And the TV shows that I enjoyed the most were also on the dark side: the half season of Mad Men, Orange Is the New Black, True Detective, and Rectify. Escapist fun was provided by House of Cards and Nashville, along with the ever-enjoyable and ultra stylish Sherlock, House of Lies, Suits (which is set in New York, but clearly filmed in Toronto – I have fun spotting locations and remembering my Bay Street days) and White Collar.

On the bright side, I managed to stay out of the courtroom and remained subpoena free for the first time in two years. Score!

I did a little blog improvement, adding a peek back at the previous year’s posts to this year’s blog posts, and a page with my end of day reports for the jobette. Here’s a look back at what happened this year:

January: Happy New Year! A beautiful party. Curses! The flu foils and spoils my plans. Stella the foster dog decides to meet the neighbors. A beautiful oceanside walk. Is there any other kind? A visit from dear friend (and professional cook) Paul. Driving adventures.

February: Shopping with Stella. My sister’s misadventures in the City. manicures and a movie. Visiting Erica and Jessica – and the rarely open Museum. A look around the garden. First power outage of the winter.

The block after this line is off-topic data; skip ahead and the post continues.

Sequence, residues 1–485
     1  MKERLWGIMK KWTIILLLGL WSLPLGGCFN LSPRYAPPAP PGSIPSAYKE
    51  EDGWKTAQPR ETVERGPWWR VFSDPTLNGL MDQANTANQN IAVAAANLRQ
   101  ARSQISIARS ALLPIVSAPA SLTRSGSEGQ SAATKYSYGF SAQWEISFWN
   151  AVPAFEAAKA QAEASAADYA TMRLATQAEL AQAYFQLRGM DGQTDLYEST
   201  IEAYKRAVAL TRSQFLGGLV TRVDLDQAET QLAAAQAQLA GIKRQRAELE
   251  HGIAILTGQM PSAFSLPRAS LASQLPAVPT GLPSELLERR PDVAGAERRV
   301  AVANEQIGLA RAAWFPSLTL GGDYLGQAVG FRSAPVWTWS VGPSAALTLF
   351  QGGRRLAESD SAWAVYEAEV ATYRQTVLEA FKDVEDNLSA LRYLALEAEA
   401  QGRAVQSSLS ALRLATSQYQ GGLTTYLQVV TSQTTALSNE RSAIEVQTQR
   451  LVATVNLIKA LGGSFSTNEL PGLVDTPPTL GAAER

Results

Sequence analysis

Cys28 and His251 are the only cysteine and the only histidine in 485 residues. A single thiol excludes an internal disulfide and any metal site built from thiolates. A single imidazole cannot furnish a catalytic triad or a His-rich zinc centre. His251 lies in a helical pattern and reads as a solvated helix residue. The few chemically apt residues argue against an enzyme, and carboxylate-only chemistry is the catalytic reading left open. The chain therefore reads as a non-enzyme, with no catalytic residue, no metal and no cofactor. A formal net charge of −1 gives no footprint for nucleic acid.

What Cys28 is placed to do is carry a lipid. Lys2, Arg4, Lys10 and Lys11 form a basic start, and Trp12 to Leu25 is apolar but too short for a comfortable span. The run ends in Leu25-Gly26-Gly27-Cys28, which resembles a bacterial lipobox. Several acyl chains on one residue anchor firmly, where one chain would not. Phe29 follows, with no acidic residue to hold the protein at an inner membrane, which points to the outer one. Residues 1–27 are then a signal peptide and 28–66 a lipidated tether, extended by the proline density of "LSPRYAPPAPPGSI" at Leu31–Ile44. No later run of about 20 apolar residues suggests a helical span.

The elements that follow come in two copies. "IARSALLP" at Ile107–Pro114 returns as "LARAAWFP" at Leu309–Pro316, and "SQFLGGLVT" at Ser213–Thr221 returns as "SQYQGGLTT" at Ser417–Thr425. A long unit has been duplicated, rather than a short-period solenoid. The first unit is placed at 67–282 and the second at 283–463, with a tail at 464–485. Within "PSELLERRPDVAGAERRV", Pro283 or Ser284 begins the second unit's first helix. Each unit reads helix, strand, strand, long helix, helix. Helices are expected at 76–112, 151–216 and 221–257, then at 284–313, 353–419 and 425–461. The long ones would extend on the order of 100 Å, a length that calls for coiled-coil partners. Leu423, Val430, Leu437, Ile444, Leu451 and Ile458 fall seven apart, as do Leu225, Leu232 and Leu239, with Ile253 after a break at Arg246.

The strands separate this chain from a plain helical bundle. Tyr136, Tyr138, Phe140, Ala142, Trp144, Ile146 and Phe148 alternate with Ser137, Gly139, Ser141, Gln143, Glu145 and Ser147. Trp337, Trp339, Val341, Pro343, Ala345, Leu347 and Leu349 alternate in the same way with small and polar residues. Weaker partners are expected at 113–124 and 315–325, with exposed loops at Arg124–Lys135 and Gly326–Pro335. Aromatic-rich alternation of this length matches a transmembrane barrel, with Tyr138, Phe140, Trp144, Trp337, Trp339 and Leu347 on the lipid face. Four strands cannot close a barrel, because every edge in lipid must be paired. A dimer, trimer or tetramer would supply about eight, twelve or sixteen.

March: Refreshing my hair and my spirit at the little salon in the big woods. My intrepid brother once again takes the Polar Plunge. An earthquake, a cat burglary, and my jobette boss meets the President! Clyde’s antics. Stella wins her Canine Good Citizenship award on Dad’s birthday. He would have been proud of Megan and Stella. A tragic loss shocks our little community. Farewell to a hero. A delightful play.

April: The ludicrous bureaucracy of healthcare begins (not that it ever ends). Another lovely evening at the theater. An afternoon at the beach. Another power outage, this one driven by someone driving into a power pole at midnight. My blog turns thirteen! A conference in the City. A memorable visit to the de Young Museum. Jessica’s 11th birthday. An early heat wave.

May: More healthcare madness. Home improvements. A field trip. The beginning of the bathroom fix up. It can be useful having an outdoor shower, especially during a heat wave. Too many losses. Megan’s birthday. Car repairs.

June: A bright and beautiful birthday to me! Silly me! Progress on the bathroom front. A sunny Sunday. Adventures in transportation. I would prefer transportation to be a little less adventurous. Farewell to a friend. A reading at the bookstore, and some unexpected art.

July: Anniversaries all around! The pleasures of my commute Renovations continue apace in the bathroom. Goodbye, electric lime green plywood floor! A birthday celebration for a beautiful girl. Fantastic, faux pho.

August: A snow day, California style. Meetings and modernism. More modern art, a visit to the inimitable Swan Oyster Depot, and a diamond as big as the Ritz. The bathroom is better and brighter. Working on the new and improved door. The anniversary of Dad’s death arrives for the thirteenth time. A brand new (to me) tree! My back gets back at me.